Friday, 7 May 2010

Who said we want it strong?

OK, I was wrong. I predicted a thumping Tory majority - and despite having more things (and more money) going for them than any Opposition party I can remember, they didn't get it. Phew.
And I predicted no real change in the pattern of British politics. But now change is what we might get at last.
However loving Cameron's overtures, I can't see how the LibDems can possibly accept them.
But I could see a Labour-led coalition in which LibDem, SNP, Plaid Cymru - and even Green - voices have to be taken seriously.
Which sounds a lot better to me than the "strong government" which Cameron and Brown both claim the British public wants.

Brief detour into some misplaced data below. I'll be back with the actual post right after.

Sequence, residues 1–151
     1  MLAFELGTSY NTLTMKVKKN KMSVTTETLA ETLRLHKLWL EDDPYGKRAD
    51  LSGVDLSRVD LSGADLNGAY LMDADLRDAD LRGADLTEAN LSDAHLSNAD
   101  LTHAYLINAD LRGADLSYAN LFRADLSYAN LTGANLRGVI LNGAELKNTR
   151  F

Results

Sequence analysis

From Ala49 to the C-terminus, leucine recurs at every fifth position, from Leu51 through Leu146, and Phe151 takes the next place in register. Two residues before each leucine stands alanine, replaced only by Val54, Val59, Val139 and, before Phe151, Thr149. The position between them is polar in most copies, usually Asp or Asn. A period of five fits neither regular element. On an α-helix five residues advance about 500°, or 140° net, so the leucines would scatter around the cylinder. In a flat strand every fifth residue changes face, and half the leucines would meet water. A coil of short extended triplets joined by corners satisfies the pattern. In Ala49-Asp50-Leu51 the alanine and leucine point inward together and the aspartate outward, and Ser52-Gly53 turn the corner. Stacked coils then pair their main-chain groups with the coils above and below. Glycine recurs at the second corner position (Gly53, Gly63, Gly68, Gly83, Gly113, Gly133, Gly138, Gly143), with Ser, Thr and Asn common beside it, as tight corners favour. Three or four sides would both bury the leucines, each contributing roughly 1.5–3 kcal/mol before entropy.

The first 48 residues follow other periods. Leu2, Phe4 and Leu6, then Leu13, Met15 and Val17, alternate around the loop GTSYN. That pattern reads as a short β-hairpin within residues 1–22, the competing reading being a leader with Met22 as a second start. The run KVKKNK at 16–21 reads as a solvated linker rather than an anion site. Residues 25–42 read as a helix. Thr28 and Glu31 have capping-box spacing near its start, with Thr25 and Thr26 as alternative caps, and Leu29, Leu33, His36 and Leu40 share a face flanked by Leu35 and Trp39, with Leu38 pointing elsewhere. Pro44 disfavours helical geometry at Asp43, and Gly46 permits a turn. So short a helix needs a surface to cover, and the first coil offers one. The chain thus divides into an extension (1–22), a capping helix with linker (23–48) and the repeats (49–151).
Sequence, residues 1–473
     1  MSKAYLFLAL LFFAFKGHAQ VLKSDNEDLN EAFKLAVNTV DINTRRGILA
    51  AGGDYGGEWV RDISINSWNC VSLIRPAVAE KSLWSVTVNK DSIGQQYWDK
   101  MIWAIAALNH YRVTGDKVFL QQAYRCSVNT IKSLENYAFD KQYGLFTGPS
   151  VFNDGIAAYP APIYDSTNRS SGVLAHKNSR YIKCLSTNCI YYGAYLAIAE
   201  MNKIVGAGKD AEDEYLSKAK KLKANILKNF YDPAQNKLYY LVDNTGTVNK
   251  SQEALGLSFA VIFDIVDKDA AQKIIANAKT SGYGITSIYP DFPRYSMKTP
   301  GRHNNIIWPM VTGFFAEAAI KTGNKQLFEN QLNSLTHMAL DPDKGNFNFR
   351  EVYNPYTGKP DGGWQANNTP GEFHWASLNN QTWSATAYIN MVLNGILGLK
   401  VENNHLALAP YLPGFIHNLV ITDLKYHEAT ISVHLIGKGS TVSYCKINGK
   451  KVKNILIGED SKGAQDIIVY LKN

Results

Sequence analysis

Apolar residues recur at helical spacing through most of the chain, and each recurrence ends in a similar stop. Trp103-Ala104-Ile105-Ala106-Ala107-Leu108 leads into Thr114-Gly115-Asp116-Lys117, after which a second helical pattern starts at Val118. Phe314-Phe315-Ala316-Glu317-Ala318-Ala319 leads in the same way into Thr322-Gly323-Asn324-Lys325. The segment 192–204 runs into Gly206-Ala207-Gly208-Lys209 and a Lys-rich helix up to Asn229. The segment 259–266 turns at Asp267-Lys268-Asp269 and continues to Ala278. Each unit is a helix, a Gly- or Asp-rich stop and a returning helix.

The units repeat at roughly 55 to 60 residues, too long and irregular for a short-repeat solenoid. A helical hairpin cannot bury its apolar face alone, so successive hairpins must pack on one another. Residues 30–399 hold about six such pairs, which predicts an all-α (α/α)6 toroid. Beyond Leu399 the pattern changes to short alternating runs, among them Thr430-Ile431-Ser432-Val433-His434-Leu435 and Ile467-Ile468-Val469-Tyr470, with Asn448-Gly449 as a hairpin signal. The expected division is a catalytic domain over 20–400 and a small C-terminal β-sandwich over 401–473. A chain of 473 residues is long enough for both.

If you can talk at all about the British public as if it were one organism, it seems to me that strong government is exactly what it has said it doesn't want.
Brown and Cameron, incidentally, both described this myth of strength in remarkably similar terms - but not identical.
Cameron spoke of "strong, stable and decisive" government, while Brown phrased it as "strong, stable and principled".
Personally, I'd take the principled over the decisive every time - always depending, of course, on the principles. And I'd certainly take liberal (or Liberal) principles over the Cameron-Osborne kind.

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